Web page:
Danny got our tickets, and we showed our passports – the names on both had to match – and walked through the gate where we had to make a choice – easy tour or regular tour. I debated. I knew the regular tour would require a challenging climb and had some doubts about whether I was up to the physical challenge but I had come all this way and wanted the full experience (or as much as you can get in 2 hours). We met our local guide, Henry, and we were off, climbing right away.
This past summer the Seattle area had several days of unhealthful air due to smoke from surrounding fires in Oregon and Western Washington. Recently I learned that my asthma which has been relatively dormant for many years was aggravated by that air and I could no longer take in (or push out) as much air as I should be able to. After several weeks of medication and a heart assessment, my doctor had given me the ok on this trip. My air intake had improved even more (taking the medication) since my assessment but even so, the elevation was a challenge. In spite of the fact that I exercise regularly with my personal trainer and have strengthened my muscles, I began to think on the way up that I would not be able to make it. One of the Holland America staff rested with me part way up and encouraged me and we went up the steps slowly and then there it was – that view that I had seen in so many pictures! Still gasping for air, I took it all in.
A number of people have commented to me that they started to cry when they saw Machu Picchu. That did not quite happen for me and yet I felt the special energy of the place. People from all over the planet come to see this wonder of the world left by the Incans so long ago. I wonder if it affected them, too, when they made the trek (on foot) from Cusco. The beauty of the mountains and the green vegetation and the structure of the buildings are all inspiring. I was reminded, of Shug, in Alice Walker’s The Color Purple: “I come to church because the people who come all bring God with them.” (my paraphrase). Perhaps it is the longing to touch and be in the presence of something so magnificent and beautiful and sacred that folks bring to Machu Picchu and that longing unites us all.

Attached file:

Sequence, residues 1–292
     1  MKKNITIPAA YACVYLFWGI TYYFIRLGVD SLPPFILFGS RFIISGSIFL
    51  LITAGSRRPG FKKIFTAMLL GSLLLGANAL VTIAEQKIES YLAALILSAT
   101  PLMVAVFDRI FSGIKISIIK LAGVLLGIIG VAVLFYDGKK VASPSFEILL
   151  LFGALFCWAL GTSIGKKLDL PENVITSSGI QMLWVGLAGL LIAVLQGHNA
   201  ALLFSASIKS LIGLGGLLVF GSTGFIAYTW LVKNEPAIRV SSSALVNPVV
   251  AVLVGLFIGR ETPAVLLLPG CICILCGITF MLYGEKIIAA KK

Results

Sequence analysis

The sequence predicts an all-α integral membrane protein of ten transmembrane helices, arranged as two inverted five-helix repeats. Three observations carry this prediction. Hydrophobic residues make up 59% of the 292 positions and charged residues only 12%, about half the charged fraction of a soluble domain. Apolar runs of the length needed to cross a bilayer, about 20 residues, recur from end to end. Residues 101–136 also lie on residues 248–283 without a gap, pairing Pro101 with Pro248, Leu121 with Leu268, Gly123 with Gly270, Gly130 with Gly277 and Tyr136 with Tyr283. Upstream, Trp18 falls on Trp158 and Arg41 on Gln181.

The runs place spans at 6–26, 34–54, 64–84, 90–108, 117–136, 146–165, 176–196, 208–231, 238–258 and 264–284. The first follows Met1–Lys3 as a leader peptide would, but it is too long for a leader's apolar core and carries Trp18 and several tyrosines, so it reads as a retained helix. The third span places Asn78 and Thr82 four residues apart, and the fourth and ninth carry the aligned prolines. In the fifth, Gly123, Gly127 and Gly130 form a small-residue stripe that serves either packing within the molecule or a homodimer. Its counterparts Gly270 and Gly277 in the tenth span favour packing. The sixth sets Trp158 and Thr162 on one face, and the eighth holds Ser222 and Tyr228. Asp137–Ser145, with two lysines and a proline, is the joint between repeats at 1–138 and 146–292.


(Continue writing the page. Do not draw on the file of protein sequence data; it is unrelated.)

Old Peak – it is a term that applies not only to the place to my experience. I was reminded, by my physical limitations, that I am getting old, even though I hardly think of myself that way. It is in surrendering to the need for help that I experienced the true presence of love in that place. And perhaps I am reaching the Peak of my life as I have the opportunity to visit new places and embrace new cultures. The Peak of the mountain is where many have encountered the holy. May I continue to be open and present to that possibility no matter where I find myself.